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Crush Injuries to the Forefoot

John Kwon Foot and Ankle Surgeon at the Mass General HospitalJohn Kwon, MD is an orthopaedic surgeon at the Massachusetts General Hospital, Boston and a member of the Foot & Ankle Service, as well as the Partners Orthopaedic Trauma Service. Dr. Kwon specializes in foot & ankle fractures, sports injuries and correction of foot & ankle deformities.

Effect of a Steel Toe Cap

Crush injuries to the foot are a common workplace injury, causing significant morbidity, disability and lost wages. A report by the Bureau of Labor Statistics estimated that more than 60% of workplace injuries involve the musculoskeletal system, and 10% of these are foot and ankle injuries (1).

Regulatory bodies like the Occupational Safety and Health Administration (OSHA) were developed to protect the work force and to establish guidelines to improve work conditions and safety standards. Since OSHA’s inception in 1971, occupational injury and illness rates have declined 40% while the American work force has nearly doubled. However, while the total number of days lost from work due to occupational injuries has declined, the percentage of foot and ankle injuries has remained relatively constant.

Although steel toe capped boots are commonly accepted as a protective measure, there are no published data about the protection afforded by a steel toe. There is a common belief that a significant crush injury sustained while wearing steel toe capped boots results in amputations of the toes and that not wearing them may be safer. This belief is so pervasive that a popular television show, Myth Busters, investigated this (2). We studied the influence of the steel toe cap on injury pattern after a crush injury to the forefoot (3).

Five paired cadaver lower extremities were used for the study. The feet were measured and fitted into a corresponding size 9 work boot. Five pairs had a steel toe cap (ANSI Z-41 & ATSM 2315 compliant), while five corresponding pairs did not. One foot from each matched pair was fitted into a steel toe capped boot while the other foot was fitted into the regular work boot.
We constructed a custom jig to provide a reproducible crushing mechanism with a total weight of 150 lbs.

Each specimen was placed with the boom centered on the proximal edge of the steel toe cap. The boom was raised 3 feet and released to crush the cadaveric foot. X-rays were obtained to assess for fracture location and comminution. Stress fluoroscopy was performed to assess for any ligamentous Lisfranc injury.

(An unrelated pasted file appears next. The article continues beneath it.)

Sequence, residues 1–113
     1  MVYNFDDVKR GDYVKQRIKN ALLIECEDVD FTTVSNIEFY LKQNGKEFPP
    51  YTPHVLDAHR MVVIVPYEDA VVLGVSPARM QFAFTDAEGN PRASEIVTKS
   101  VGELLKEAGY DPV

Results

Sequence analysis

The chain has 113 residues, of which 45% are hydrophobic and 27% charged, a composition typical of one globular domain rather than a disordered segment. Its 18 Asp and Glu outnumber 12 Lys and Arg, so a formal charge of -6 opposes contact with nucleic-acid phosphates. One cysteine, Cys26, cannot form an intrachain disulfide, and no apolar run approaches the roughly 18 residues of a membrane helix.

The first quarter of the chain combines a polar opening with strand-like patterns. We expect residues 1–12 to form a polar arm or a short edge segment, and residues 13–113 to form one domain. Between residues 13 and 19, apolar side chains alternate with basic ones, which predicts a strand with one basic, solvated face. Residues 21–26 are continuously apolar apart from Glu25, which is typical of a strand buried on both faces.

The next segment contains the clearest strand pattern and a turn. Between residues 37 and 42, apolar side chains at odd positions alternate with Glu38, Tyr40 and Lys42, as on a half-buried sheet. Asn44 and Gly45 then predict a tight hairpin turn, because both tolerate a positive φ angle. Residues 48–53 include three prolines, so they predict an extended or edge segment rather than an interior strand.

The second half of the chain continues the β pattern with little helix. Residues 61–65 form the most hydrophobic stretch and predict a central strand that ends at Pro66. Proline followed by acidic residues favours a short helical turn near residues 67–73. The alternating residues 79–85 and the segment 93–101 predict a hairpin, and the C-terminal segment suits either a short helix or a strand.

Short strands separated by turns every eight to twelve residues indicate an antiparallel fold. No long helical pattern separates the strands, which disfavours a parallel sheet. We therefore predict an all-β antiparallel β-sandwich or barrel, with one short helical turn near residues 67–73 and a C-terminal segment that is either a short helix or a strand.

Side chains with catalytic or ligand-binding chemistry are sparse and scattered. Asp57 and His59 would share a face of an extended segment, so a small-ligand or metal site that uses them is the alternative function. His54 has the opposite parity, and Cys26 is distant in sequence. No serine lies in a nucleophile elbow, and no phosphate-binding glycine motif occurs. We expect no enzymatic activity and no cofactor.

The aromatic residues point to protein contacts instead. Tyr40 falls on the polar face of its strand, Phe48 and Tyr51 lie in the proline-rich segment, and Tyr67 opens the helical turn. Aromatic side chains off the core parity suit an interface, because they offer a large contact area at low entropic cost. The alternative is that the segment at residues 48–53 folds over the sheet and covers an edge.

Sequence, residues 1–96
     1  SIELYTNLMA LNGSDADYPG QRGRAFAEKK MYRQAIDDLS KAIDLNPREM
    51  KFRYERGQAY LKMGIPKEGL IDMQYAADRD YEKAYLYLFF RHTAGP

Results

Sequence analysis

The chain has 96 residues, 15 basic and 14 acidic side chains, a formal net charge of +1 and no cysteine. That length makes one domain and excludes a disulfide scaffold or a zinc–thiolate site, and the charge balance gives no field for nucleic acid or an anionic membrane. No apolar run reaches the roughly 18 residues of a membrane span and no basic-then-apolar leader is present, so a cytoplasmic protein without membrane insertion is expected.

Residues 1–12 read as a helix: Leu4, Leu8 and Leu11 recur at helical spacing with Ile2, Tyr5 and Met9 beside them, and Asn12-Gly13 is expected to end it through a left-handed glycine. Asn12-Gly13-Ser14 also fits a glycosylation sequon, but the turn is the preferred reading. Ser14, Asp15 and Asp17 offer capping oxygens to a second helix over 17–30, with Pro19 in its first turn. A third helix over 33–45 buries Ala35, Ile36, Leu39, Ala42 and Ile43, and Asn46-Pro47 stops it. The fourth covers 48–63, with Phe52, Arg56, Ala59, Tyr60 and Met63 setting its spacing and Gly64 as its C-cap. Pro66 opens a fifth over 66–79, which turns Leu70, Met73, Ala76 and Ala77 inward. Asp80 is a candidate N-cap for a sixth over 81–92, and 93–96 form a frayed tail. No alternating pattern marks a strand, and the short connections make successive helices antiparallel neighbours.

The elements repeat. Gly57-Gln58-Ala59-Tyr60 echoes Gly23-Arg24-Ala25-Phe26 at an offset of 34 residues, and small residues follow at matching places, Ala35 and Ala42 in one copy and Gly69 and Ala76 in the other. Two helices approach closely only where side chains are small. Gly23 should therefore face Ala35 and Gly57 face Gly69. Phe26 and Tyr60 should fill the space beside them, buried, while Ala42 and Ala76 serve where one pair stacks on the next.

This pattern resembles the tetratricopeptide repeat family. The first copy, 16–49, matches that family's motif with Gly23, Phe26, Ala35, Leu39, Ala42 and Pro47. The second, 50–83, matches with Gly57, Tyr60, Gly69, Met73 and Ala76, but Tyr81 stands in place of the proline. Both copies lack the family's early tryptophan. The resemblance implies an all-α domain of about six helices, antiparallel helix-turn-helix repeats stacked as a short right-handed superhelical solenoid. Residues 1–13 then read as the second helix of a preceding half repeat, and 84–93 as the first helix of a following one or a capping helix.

Figure 1: X-ray of cadaver extremity in steel toe capped work boot.
X-ray of foot in steel toe capped work boot Trauma Rounds Crush Injuries to the Foot

Overall, the feet in the regular work boots averaged 8.2 fractures per foot while those protected in the steel toe boot averaged 3.6 fractures per foot. The steel toe boot had fewer metatarsal and toe fractures and less comminution to the bone. There were no bony nor ligamentous Lisfranc injuries. There were no traumatic amputations nor open fractures produced. Previous studies have shown that 4.4% of all occupational related injuries involve the foot and toes. This represents over 3 billion dollars in total cost, including lost wages and productivity, medical costs and administrative expenses (4).

OSHA has recommended the use of safety shoes in certain occupations, which must meet the American National Standards Institute (ANSI) minimum compression and impact performance standards. ANSI has established testing and performance criteria for footwear safety and has standardized the impact and compression resistance characteristics of steel toe capped boots. The ANSI testing consists of a steel weight weighing 50 lbs (±0.5 lbs) dropped from a height of 3 feet (5,6).

Figure 2: X-ray of a cadaveric forefoot after crush impact in a regular work boot (top) and in a steel toe capped work boot (bottom).
Crush Injuries of the Foot - Effect of Steel Toe Boots posted in Trauma Rounds by Arun Shanbhag

Crush Injuries of the Foot - Effect of Steel Toe Boots posted in Trauma Rounds by Arun Shanbhag

Figure 3: Steel toe cap after crush impact (left) compared to an uncrushed steel toe cap (right).

Crush Injuries of the Foot - Effect of Steel Toe Boots posted in Trauma Rounds by Arun Shanbhag

In our study we tripled this weight to ensure the creation of fractures in our non-protected specimens and to elucidate the protective nature of the steel cap. Even when tripling the weight used by the ANSI protocol we found no toe amputations nor complete failures of the steel toe cap.

Although steel toe capped boots are commonly accepted as a protective measure, there are no published data about how protection afforded by a steel toe influences foot fracture epidemiology. This study demonstrated that the steel toe protects the foot from crush injuries, limiting the number and severity of forefoot fractures. However, the steel toe cap does not fully protect the forefoot from injury and in addition to the use of safety shoes, strict adherence to workplace safety standards may limit the severity of crush injuries to the foot.

I would like to acknowledge my fellow myth busters: John T. Campbell, MD, Mark S. Myerson, MD and Cliff L. Jeng, MD.

1. Bureau of Labor Statistics. Care and demographic characteristics for work-related injury and illness involving days away from work. Washington, DC: Bureau of Labor Statistics, US Department of Labor; 1992 – 1999.